The next iteration of the Swarm-Copters platform will focus heavily on object detection and avoidance. Currently, UAVs struggle with detection of obstacles on the ground and in the air. This issue requires an operator to closely monitor each UAV during flight and limits the effective range of flight during a mission. Once these issues are overcome, UAVs will become truly autonomous.

    References

    1. T. W. Heggie, M.E. Amundson, “Dead Men Walking: Search and Rescue in U.S. National Parks,” Wilderness and Environmental Medicine, Vol. 20, no. 3, pp. 244–249, 2009. ScienceDirect: http://www.sciencedirect.com/science/article/pii/S1080603209701280. [Accessed 04/12/2012]
    2. Worrall, Kevin J. “Guidance and Search Algorithms for Mobile Robots: Application and Analysis within the Context of Urban Search and Rescue.” Sept. 2008. Web. 6 April 2012. <http://theses.gla.ac.uk/508/01/2008worrallphd.pdf>. page 63
    3. Stable Mode, Arducopter: Arduino-based autopilot for multirotor craft, from quadcopters to traditional helis, [online] 19 February 2012, http://code.google.com/p/arducopter/wiki /AC2_StableMode (Accessed: 12 April 2012).
    4. Auto Mode, Arducopter: Arduino-based autopilot for multirotor craft, from quadcopters to traditional helis, [online] 28 January 2012, http://code.google.com/p/arducopter/wiki /AC2_AutoMode (Accessed: 12 April 2012).
    5. Loiter Mode, Arducopter: Arduino-based autopilot for multirotor craft, from quadcopters to traditional helis, [online] 25 January 2012, http://code.google.com/p/arducopter/wiki /AC2_LoiterMode (Accessed: 12 April 2012).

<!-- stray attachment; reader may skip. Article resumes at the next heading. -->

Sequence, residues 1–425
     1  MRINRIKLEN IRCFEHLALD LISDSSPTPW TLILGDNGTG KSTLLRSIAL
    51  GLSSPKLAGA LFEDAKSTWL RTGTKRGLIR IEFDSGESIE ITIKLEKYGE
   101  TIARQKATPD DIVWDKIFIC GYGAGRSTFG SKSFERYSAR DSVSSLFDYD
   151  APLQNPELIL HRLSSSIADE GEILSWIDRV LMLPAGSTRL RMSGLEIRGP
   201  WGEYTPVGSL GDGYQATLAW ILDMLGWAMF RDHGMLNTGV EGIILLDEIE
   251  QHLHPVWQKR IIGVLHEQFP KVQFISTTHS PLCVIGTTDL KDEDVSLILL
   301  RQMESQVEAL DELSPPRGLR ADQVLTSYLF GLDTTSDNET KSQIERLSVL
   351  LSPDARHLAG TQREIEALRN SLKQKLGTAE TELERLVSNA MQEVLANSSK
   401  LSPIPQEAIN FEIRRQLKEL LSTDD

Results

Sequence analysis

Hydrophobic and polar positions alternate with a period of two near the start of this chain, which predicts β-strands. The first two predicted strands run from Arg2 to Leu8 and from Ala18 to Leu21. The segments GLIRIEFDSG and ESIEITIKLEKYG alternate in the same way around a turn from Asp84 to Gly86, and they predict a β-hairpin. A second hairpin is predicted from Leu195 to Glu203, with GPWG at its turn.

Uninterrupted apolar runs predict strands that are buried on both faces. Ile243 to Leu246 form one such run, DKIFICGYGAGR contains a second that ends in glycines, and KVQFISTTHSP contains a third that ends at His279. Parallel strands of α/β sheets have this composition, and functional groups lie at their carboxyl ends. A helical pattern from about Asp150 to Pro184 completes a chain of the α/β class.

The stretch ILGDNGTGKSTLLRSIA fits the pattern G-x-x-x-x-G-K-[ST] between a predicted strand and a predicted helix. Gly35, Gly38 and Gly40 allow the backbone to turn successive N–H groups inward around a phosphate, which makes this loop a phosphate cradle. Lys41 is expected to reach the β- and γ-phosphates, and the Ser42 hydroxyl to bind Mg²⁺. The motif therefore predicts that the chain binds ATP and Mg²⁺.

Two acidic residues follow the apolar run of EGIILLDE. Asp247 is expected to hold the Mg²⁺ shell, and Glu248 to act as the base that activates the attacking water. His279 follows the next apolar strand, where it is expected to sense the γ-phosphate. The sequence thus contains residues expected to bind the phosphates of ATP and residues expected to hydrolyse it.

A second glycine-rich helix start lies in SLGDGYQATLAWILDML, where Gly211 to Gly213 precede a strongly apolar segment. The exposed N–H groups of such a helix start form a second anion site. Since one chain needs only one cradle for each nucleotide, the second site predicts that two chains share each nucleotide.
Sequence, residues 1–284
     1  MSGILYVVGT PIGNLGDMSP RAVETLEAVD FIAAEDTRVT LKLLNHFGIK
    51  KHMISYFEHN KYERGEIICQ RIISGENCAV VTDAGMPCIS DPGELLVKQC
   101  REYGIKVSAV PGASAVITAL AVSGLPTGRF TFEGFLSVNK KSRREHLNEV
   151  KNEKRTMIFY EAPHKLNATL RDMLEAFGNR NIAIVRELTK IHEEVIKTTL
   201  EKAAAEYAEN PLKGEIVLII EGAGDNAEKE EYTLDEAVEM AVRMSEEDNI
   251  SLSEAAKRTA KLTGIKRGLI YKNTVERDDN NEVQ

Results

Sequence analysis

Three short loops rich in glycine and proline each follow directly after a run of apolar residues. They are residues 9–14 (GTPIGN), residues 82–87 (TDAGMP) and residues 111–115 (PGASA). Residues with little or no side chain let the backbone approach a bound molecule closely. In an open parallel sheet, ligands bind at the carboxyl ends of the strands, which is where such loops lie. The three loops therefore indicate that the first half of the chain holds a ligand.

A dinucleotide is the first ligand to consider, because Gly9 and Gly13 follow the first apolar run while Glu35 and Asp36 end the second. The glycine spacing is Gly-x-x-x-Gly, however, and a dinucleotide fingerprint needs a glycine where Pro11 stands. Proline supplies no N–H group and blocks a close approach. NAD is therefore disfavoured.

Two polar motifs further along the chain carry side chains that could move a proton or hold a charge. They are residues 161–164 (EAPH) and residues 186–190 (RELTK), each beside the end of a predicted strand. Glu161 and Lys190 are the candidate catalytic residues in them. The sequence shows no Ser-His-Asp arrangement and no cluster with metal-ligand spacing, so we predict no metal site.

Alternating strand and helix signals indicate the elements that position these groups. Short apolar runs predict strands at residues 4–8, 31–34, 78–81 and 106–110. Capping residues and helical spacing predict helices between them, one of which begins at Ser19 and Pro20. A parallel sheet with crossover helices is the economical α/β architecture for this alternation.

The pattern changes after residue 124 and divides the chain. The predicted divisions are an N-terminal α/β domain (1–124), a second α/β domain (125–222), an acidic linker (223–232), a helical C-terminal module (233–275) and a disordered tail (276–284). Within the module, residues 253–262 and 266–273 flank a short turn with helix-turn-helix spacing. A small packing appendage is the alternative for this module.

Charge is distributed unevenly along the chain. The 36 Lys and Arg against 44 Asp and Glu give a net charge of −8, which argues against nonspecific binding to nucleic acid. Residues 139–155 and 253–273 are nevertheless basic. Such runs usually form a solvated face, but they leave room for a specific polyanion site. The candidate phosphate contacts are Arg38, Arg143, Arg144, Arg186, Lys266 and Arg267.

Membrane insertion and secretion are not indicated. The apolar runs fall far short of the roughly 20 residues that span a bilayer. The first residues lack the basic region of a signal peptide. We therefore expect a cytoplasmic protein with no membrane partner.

6. Simple Mode, Arducopter: Arduino-based autopilot for multirotor craft, from quadcopters to traditional helis, [online] 20 December 2011, http://code.google.com/p/arducopter/wiki /AC2_Simple (Accessed: 12 April 2012).
    7. Alt Hold, Arducopter: Arduino-based autopilot for multirotor craft, from quadcopters to traditional helis, [online] 19 February 2012, http://code.google.com/p/arducopter/wiki /AC2_AltHoldMode (Accessed: 12 April 2012).
    8. Model Aircraft Operating Standards, FAA Advisory Circular, AC 91-57, [online] 9 June 1981, http://rgl.faa.gov/Regulatory_and_Guidance_Library/rgAdvisoryCircular.nsf/0/1acfc3f689769a56862569e70077c9cc/$FILE/ATTBJMAC/ac91-57.pdf (Accessed: 12 April 2012).

    Table 1: 2005 National Park Service Search and Rescue Costs [1]

    SAR Expense Category

    Costs (2005)

    Personnel Costs

    $2,300,000

    Aircraft Costs

    $2,100,000

    Vessel Costs

    $103,529

    Supply Costs

    $469,361

    Total SAR Cost

    $4,900,000

    Table 2: Flight Modes Used during UAV Flight

    Flight Mode

    Description

    Stable

    Self-levels UAV, maintains current heading of yaw, used for general flying [3].

    Auto

    UAV follows flight plan of waypoints along with scripted take-off and landing procedures [4].

    Loiter

    Attempts to maintain current location on yaw, pitch and roll [5].

    Simple

    Flight based on compass orientation at launch. Pushing RC stick South will always fly in South direction [6].

    Altitude Hold

    Stable mode with throttle automatically maintained to keep the current altitude [7].

    Figure 1: Quadcopters Built for the Swarm-Copters System

    Figure 1: Quadcopters Built for the Swarm-Copters System

    Figure 2: Screenshot of Ground Control Mission Planner Software Running on the Base Station Sub-System

    Figure 2: Screenshot of Ground Control Mission Planner Software Running on the Base Station Sub-System.

    Figure 3: Sub-System Organization and Relationships

    Figure 3: Sub-System Organization and Relationships

    Figure 4: Automated Flight Planning Input and Search Automation

    Figure 4: Automated Flight Planning Input and Search Automation